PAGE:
For if but once, thou shewe me thy gray light,
    Ile finde Demetrius, and reuenge this spight.
    1465Robin, and Demetrius.
    Robi. Ho, ho, ho: Coward, why comst thou not?
    Deme. Abide me, if thou dar'st. For well I wot,
    Thou runst before mee, shifting euery place,
    And dar'st not stand, nor looke me in the face.
    1470Where art thou now?
    Rob. Come hither: I am here.
    De. Nay then thou mockst me. Thou shalt buy this dear,
    If euer I thy face by day light see.
    1475Now, goe thy way. Faintnesse constraineth mee,
    To measure, out my length, on this cold bed:>
    By daies approach looke to be visited.
    Enter Helena.
    Hele. O weary night, O long and tedious night,
    A Midsommer nightes dreame.
    1480Abate thy houres, shine comforts, from the east;
    That I may backe to Athens, by day light,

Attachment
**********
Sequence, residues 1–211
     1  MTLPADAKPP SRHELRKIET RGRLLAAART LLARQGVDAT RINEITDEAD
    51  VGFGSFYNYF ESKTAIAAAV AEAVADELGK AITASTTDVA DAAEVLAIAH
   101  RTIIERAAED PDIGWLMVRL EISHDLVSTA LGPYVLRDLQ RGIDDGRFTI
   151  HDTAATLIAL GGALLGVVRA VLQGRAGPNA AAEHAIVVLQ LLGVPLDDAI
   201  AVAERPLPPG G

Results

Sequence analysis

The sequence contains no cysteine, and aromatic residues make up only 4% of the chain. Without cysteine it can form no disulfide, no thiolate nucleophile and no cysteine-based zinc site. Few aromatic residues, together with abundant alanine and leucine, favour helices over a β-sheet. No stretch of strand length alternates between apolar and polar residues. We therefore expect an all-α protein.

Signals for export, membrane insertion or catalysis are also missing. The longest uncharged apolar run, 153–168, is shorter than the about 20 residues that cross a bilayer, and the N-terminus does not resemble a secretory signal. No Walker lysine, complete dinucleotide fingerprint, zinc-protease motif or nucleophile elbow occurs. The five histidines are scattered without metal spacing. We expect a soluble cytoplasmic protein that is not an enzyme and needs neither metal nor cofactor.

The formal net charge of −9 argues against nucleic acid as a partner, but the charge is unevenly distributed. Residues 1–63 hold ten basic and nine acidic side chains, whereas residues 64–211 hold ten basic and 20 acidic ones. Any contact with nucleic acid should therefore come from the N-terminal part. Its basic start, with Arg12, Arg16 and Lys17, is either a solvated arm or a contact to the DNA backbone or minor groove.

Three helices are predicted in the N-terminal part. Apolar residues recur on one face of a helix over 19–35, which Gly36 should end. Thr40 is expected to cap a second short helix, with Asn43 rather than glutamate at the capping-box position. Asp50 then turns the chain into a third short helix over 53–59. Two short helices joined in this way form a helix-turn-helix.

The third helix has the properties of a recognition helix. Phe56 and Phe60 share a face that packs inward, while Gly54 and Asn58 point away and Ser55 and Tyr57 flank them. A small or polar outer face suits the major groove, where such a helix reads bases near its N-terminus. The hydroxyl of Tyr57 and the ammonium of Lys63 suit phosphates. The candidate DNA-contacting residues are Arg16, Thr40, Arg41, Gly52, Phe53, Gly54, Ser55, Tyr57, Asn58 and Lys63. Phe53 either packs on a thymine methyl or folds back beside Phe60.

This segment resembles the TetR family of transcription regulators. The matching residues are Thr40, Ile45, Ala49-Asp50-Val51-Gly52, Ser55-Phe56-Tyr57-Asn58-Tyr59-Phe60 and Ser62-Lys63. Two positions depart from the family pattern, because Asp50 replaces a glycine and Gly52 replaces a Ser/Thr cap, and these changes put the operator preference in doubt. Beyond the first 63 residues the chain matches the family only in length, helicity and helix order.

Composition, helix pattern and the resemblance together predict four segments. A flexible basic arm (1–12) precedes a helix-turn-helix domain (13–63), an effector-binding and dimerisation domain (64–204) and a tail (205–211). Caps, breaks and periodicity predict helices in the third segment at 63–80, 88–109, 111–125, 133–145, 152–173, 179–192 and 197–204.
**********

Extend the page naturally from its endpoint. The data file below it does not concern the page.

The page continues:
From these that my poore company detest:
    And sleepe, that sometimes shuts vp sorrowes eye,
    Steale mee a while from mine owne companie. Sleepe.
    1485Rob. Yet but three? Come one more.
    Two of both kindes makes vp fower.
    Heare shee comes, curst and sadde.
    Cupid is a knauish ladde,
    1490Thus to make poore females madde.
    Her. Neuer so weary, neuer so in woe,
    Bedabbled with the deaw, and torne with briers:
    I can no further crawle, no further goe:
    My legges can keepe no pase with my desires.
    1495Here will I rest mee, till the breake of day:
    Heauens shielde Lysander, if they meane a fray.
    Rob. On the ground, sleepe sound:
    Ile apply your eye, gentle louer, remedy.
    When thou wak'st, thou tak'st
    1500True delight, in the sight, of thy former ladies eye:
    And the country prouerbe knowne,
    That euery man should take his owne,
    In your waking shall be showen.
    Iacke shall haue Iill: nought shall goe ill:
    1505The man shall haue his mare again, & all shall be well.